How the 'digital life' affects identity theft and financial loss

July 15, 2013 | by Robert Siciliano

You're on Facebook, LinkedIn and Twitter. You use Gmail, Yahoo, and online banking. You might buy stuff on sites like Amazon and occasionally make purchases from eBay. Sometimes you apply for a loan online and maybe open up a credit card account, too. This is all commonplace in today's digital world.

So how does all this lead to identity theft and financial loss?

With the convenience of the Internet and all the digital devices available to use today — laptops, smartphones, and tablets — we unknowingly provide a lot of information online that could expose us to identity theft. Access to your personal information is what gives hackers the power to tap into your accounts and steal your money or your identity.

Here are some of the ways that hackers use our information against us:

  1. Social media: These sites continue to grow in popularity and you may be putting more information on them than you should. Even though you may assume that only people in your personal network can access this information, that's not always the case.
  2. Email: It's been said that if you own a person's email, you own the person. This means that once your email account is hacked, pretty much your entire digital life is up for grabs. So even if you've done your due diligence to have all your passwords be different, if your email is hacked and it is associated with your other online accounts, the hacker could simply use a reset password and get access to all your other accounts.
  3. Online shopping: This is another activity where you need to be cautious, since hackers can steal your information from an unsecured or phony site. If you're on a phony site, you are giving your information directly to the hacker — or you could be on a site that is automatically downloading malware to your device that could track every site you visit and everything you type on your keyboard and send that to a hacker.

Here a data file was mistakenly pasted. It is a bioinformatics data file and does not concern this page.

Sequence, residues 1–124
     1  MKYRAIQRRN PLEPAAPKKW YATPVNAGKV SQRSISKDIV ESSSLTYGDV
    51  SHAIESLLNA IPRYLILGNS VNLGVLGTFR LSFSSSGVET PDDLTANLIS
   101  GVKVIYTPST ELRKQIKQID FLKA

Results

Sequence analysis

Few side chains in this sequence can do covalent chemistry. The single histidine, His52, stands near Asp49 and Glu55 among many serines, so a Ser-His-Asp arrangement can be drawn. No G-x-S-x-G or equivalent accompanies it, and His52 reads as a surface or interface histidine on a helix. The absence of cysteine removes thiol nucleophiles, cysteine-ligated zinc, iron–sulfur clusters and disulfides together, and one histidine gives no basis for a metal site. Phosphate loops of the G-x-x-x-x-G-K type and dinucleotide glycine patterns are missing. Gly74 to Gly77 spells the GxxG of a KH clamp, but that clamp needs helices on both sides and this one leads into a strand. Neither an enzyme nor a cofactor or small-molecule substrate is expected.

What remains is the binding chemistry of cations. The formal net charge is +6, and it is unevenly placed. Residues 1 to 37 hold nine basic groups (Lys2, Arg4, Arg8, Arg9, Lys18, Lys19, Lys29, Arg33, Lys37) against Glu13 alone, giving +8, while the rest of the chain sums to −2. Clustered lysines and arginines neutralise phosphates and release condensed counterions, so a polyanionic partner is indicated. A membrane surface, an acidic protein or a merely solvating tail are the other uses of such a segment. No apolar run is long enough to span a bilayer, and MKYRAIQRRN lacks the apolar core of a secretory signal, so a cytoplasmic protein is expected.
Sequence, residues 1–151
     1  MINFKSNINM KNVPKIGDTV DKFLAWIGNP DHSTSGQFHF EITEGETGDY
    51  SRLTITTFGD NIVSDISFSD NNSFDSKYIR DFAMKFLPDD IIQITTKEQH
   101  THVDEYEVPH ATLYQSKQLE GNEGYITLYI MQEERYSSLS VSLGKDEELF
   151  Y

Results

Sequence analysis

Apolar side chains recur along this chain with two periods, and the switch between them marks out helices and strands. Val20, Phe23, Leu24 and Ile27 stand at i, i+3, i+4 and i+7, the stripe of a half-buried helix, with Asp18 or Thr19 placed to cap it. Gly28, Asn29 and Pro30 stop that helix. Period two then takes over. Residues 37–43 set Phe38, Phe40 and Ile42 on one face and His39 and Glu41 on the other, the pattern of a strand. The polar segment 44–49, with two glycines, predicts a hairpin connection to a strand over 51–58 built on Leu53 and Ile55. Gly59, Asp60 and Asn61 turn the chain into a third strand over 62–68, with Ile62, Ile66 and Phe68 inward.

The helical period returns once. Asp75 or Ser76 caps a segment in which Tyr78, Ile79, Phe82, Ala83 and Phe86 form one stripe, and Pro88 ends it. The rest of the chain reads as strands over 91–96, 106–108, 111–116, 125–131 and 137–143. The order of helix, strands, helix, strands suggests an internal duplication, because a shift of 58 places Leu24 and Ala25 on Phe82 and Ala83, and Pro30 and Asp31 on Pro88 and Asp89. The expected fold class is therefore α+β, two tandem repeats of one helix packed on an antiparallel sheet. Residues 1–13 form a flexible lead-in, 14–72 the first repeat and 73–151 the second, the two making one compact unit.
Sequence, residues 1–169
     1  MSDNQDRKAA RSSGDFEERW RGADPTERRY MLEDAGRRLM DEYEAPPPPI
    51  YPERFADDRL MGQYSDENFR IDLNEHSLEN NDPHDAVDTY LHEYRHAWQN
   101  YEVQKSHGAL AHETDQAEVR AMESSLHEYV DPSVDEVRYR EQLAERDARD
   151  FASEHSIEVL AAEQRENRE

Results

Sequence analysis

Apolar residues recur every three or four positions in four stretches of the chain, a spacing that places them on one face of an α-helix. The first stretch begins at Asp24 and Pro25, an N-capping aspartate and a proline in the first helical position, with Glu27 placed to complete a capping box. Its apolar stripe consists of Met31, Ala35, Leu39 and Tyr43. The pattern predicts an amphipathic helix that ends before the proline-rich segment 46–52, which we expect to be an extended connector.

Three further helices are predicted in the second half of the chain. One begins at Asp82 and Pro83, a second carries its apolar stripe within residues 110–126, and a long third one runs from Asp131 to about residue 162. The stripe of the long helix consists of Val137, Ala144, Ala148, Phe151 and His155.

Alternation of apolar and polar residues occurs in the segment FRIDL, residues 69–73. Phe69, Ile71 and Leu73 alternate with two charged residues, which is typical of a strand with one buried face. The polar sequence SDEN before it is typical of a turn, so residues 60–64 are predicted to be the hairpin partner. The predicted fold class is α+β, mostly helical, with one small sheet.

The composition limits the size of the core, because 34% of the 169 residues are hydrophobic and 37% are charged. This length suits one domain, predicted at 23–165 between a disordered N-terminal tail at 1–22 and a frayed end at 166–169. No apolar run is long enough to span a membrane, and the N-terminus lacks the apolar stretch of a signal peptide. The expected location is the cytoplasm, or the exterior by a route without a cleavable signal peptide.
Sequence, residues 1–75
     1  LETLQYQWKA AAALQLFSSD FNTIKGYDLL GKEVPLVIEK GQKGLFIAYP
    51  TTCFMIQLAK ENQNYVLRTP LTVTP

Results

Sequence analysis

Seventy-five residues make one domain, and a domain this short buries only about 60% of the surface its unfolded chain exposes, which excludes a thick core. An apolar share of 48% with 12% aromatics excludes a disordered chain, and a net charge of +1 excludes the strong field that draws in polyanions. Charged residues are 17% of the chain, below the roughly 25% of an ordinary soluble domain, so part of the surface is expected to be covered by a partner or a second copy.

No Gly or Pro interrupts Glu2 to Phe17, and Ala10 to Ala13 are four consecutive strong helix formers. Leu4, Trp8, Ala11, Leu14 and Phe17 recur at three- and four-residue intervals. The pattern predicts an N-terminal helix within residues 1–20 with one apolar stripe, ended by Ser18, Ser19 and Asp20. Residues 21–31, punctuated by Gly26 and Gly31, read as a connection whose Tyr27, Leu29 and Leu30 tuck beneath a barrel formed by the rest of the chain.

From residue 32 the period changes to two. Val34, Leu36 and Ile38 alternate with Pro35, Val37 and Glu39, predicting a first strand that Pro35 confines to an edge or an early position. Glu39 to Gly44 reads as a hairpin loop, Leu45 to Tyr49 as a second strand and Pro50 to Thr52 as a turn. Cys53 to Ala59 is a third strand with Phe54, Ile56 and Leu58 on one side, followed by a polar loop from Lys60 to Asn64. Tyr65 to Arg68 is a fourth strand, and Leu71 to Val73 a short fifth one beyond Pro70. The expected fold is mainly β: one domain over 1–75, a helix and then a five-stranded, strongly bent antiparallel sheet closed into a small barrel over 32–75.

4. Wireless networking: Even if you are being cautious with online activities, hackers can still grab your information if you aren't smart when using Wi-Fi connections. That's why when you're using those free hotspot connections in cafes or airports, it's important for you not to access your banking or personal sites as the transmission of data is not secure.

Having your identity stolen and losing money is unfortunately too easy when your information is spread so thin. So it's not enough just to sit back and hope you aren't hacked. The fact is that you need to up your security intelligence and invest in additional layers of security.

All of these scams prey on your trust and on your personal information, so follow these basic steps to protect yourself:

  1. Click with caution: Be careful when clicking on links in emails, texts, social media posts, and instant messages, especially if they are from people you don't know.
  2. Be careful what you share: Think about what you post online — is that thing you so badly want to share something you're OK with your grandmother or an employer seeing? If not, then don't post it. In fact, you should consider anything posted on the Internet as something written in permanent pen, not pencil — as in, it's there forever.
  3. Use common sense: Follow the old caveats about not clicking on links in emails, texts, social media posts, and instant messages from people you don't know, and always exercise caution when it comes to sharing any sensitive information.
  4. Educate yourself: Keep up to date about the latest scams and tricks hackers use to grab your information so you can avoid potential attacks.
  5. Use comprehensive protection: Because there many ways in which hackers can access your information, you need to make sure that you employ a comprehensive security service, such as McAfee LiveSafe, that protects all your devices, your identity and your data.

Read more about security.


Topics: ATM & Mobile Banking, Security, Wireless


Robert Siciliano / Robert Siciliano is CEO of IDTheftSecurity.com. He is a nationally known speaker on the subject of identity theft.
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